Director of off-premise sales, Fazoli's
Between 2016 and 2018, dine-in traffic declined or remained flat across the industry, Crawford added. Fazoli's responded to this shift in consumer behavior by investing more in its off-premise business. Consequently, 2018 sales through these channels rose 18.5% over 2017 for the company.
Not only are we in a new consumer-driven, stay-at-home economy, we’re also solidly in the next generation of the restaurant marketplace, where brands are realizing they can centralize their operations around takeout, delivery and catering, according to Erle Dardick, CEO of MonkeyMedia Software.
"It's an incredible time to be in the food business. The only way forward is to take control of your off-premise operations," he told Restaurant Dive.
Catering, Dardick added, is one way to differentiate and add value. Brands can create a specific menu for catering, for example, such as a burger bar, which is what Red Robin has done.
"It's an incredible time to be in the food business. The only way forward is to take control of your off-premise operations."
CEO, MonkeyMedia Software
"They've differentiated. If you cater through them, a burger bar is the only thing you can get and the kitchens aren't overwhelmed and the solution is brought out into the community where they can create a direct-to-consumer business. That relationship is critical now," Dardick said of Red Robin.
Sixteen percent of all off-premise orders are for catering, with 12% of those orders coming from businesses, 2018 CHD Expert study said. Casual dining chains, including Olive Garden, are leveraging higher demand for catering.
“We like that [catering] business. And it's been very well received by the consumer set,” Gene Lee, CEO of Olive Garden's parent company Darden Restaurants, said during a 2018 earnings call.
Off-premise is here to stay
What is perhaps most exciting for the casual dining segment is that it's on the ground floor for off-premise. Casual chains are mastering to-go/carryout and many have also offered catering for quite some time. But delivery is especially new, and growth is certain to keep rising as chains work out the kinks and figure out how to seamlessly implement delivery within their systems. Lee outlined some of those kinks during Darden's Q2 2018 call: "How do we ensure that these delivery services will enhance our brands? Can it be flawlessly executed for our guests and our team? Can we create sustainable incremental growth at scale that's additive to our company? Can we agree on viable economics? Can we ensure we own the data?"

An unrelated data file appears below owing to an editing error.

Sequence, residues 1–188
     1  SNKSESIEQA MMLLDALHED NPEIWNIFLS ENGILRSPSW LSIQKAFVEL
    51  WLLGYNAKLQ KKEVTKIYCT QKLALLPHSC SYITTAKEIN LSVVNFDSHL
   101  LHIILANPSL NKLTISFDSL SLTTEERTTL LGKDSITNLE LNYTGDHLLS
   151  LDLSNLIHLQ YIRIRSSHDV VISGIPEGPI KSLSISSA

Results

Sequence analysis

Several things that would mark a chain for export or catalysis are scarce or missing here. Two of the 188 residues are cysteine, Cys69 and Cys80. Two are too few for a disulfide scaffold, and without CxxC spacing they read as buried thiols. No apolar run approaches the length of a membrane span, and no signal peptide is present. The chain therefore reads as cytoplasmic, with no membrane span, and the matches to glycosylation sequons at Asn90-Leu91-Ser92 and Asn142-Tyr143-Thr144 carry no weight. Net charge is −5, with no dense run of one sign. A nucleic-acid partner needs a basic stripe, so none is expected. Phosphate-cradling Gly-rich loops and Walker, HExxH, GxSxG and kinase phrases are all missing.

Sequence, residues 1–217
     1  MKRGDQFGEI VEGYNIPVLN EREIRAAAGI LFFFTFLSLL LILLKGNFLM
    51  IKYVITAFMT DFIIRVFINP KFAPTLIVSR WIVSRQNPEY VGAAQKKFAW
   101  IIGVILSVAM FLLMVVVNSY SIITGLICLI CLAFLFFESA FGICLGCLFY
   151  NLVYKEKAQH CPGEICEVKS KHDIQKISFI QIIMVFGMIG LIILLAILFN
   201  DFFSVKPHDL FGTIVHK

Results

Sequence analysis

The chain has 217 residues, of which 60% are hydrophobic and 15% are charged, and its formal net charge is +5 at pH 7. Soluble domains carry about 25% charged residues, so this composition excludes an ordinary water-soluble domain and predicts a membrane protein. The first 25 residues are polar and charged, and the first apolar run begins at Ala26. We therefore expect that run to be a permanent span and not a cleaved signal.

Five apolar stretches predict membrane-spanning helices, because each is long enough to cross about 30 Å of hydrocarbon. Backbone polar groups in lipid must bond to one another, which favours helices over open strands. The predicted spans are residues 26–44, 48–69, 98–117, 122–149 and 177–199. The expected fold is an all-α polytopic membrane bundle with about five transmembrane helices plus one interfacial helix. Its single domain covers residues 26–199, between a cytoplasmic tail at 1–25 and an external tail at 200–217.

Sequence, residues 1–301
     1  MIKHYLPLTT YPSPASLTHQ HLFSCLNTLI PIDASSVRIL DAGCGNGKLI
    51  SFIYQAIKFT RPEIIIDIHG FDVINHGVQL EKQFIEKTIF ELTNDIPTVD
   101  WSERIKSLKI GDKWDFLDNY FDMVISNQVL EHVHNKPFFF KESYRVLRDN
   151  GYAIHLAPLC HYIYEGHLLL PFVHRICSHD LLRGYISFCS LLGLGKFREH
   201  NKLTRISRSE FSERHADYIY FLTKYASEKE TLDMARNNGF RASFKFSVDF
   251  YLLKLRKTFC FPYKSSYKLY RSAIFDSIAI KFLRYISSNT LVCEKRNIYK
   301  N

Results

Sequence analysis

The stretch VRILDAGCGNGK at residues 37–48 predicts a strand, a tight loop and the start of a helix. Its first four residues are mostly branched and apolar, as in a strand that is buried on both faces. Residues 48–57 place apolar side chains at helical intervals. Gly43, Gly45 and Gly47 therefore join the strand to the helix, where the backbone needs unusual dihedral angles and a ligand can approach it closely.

One company that has many of these questions answered already is Fat Brands. CEO Andy Wiederhorn said the company, which began delivery with Uber Eats in 2015, experienced close to 15% of orders via that channel as of 2018.
Still, he added restaurant companies have a long way to go to meet modern consumers' needs, whether through delivery or somewhere else.
"Consumers are busier. Their lifestyles have changed. They want to stay home and watch Netflix," he told Restaurant Dive. This is why he predicted delivery specifically will have a major impact on the casual dining segment.
"People like home-cooked meals and variety, but not everyone wants to go sit for an hour for a casual dining meal. Maybe fine dining, but not casual," Wiederhorn said. "If you could have a casual meal delivered, however, that is a win because it's more fulfilling than a fast casual or QSR meal. Delivery isn't going away and there is a lot of room to grow for casual brands.”